Journey to the Unknown (1968) – Part Three: Horror Writers, Television and Alternative Definitions of Genre

The presence of Harrison also demonstrates something else. The stories are not, like most Hammer films, references back to the classic Gothics stories of literature or to the Universal horror pictures. There is no Frankenstein, Dracula, Werewolf or Mummy here. Instead, the stories are based on writers such as Cornell Woolrich, Richard Matheson, Charles Beaumont and Donald Westlake. Robert Bloch also appears as a screenwriter, even if he is adapting other people’s rather than contributing stories of his own. In this way, the series relates to a version of horror that is often forgotten and includes both the nightmarish thrillers of Woolrich and the stories of Matheson and Beaumont, a version of horror that had been central to television horror until at the least the late 1960s and is probably exemplified by Joan Harrison’s Alfred Hitchcock Presents.

Although often remembered today as a writer of crime thrillers, Woolrich was very much talked about as a horror writer in the 1940s, and he had written several scripts for silent horror films during his time in Hollywood. He is also remembered for his nightmarish tales of psychological breakdown. In fact, many of his protagonists are psychological victims who have lost their memory and find themselves in terrifying worlds that they cannot comprehend.

This is also the central premise of his story for Journey to the Unknown, except that in this case, the protagonist (Stephanie Powers) is not the victim of a knock on the head but a suicide, whose dead body is brought back to life by a scientist. However, although alive, the poor girl has lost her memory, and her previous life is a mystery to her. In many senses, then, it looks like a familiar Woolrich story except that its protagonist is one of the living dead.

Similarly, Matheson, Beaumont and Bloch had all written horror, science fiction and noirish thrillers, which they did not see these as separate categories. Elements that we might associate with one term or another were often blended within their stories, and they even described their stories in ways that we might find surprising today. In his autobiography, for example, Robert Bloch describes his time as part of the Lovecraft circle of writers, when he was writing in the style of Lovecraft; but he does not refer to this writing as horror (with which these kinds of stories are commonly associated today) but as science fiction. Given these stories are concerned with alien monsters that are trying to invade the world, one can see how he could have understood the type of fiction associated with Weird Tales as SF rather than horror.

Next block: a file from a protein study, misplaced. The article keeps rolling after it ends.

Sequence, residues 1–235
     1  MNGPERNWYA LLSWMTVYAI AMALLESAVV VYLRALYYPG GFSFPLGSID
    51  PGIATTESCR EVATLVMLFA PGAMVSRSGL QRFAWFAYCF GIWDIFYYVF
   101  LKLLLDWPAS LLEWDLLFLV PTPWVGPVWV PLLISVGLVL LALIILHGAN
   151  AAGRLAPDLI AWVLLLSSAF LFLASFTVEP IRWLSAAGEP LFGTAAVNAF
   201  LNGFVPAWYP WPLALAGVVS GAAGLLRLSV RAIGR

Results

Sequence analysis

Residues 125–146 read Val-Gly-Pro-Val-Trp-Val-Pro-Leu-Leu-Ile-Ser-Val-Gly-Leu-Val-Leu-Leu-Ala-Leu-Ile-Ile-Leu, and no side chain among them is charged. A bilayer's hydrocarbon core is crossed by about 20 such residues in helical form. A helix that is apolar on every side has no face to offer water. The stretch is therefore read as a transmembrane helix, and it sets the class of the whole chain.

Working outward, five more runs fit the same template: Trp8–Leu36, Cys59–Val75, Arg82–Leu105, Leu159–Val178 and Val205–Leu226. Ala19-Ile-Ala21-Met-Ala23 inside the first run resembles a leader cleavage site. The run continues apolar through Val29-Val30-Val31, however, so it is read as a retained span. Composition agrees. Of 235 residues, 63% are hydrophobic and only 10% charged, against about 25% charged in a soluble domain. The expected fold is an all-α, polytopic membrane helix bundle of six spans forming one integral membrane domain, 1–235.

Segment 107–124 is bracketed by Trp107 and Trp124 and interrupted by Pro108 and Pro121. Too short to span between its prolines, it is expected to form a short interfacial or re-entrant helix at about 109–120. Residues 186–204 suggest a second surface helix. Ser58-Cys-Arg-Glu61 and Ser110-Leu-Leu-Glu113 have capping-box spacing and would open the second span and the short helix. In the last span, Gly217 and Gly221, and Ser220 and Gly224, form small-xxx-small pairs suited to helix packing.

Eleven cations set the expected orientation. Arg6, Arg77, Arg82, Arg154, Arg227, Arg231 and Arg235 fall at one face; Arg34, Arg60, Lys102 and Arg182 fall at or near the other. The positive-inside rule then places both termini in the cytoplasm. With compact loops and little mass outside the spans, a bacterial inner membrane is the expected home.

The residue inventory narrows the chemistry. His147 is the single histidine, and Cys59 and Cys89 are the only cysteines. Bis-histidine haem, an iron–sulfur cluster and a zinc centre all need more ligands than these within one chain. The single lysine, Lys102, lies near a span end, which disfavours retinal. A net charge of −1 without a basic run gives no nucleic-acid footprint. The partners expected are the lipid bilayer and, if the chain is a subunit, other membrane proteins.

Westlake is also interesting in this context. Although probably best known for his comic caper thrillers, often featuring the wonderful Dortmunder (God, I love these novels – if you haven’t read a Dortmunder novel, you are really missing something), he has also written a variety of other stuff. In the mid-1980s, he wrote the screenplay for a fantastic slasher film, The Stepfather, which is an absolute classic. He also wrote the famous Parker novels, under the pseudonym of Richard Stark. These are tough, vicious thrillers that were most brilliantly adapted for the screen with Point Blank, starring Lee Marvin and directed by John Boorman. I also recently read Memory, a posthumously published thriller that he wrote back in the 1960s, which is a really wonderful Woolrich-style horror-thriller that is absolutely brilliant. And heartrending.

Anyhow, Journey to the Unknown demonstrates the continuing survival of a 1940s version of horror, just around the time when the first studies of the horror film were coming out and were largely marginalizing or excluding this tradition from what would become the canonical definitions of horror throughout most of the 1970s, 1980s and 1990s.

To be continued: next week – Journey to the Unknown – Part Four: When it Works

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Dan Curtis

Dan Curtis has had a wonderful and diverse career but it is as a producer of made-for-television horror films that I most admire him. While working as executive producer for Dark Shadows, he produced his first made-for-television horror film, an adaptation of The Strange Case of Doctor Jekyll and Mr Hyde (1968) starring Jack Palance. In 1970 and 1971 respectively, he then made two film versions of Dark Shadows, House of Dark Shadows and Night of Dark Shadows, after which he returned to television with the fabulous made-for-television horror film, The Night Stalker (1972).

These various examples represent the key features of Curtis’s productions. If Dark Shadows was Gothic and campy, Curtis’s later productions can largely be divided into two key types. On the one hand, there were a series of Gothic adaptations, along the lines of The Strange Case of Doctor Jekyll and Mr. Hyde, and on the other were a series of films in which classic monsters (vampires, werewolves, etc.) prowl the twilight zones of contemporary America. If the first type usually sought to evoke a sense of literary prestige, restraint and respectability, the second were less restrained and often humorous or campy.

Following The Night Stalker, Curtis made a rare excursion into the female Gothic with The Invasion of Carol Enders, in which a young woman is possessed by the spirit of a murder victim; but soon returned to type with a sequel to The Night Stalker, The Night Strangler, a film that borrowed heavily from horror classics such as The Man in Half Moon Street (1945: which was later remade by Hammer as The Man Who Could Cheat Death, 1959), and featured a man preys upon the living to prolong his own life.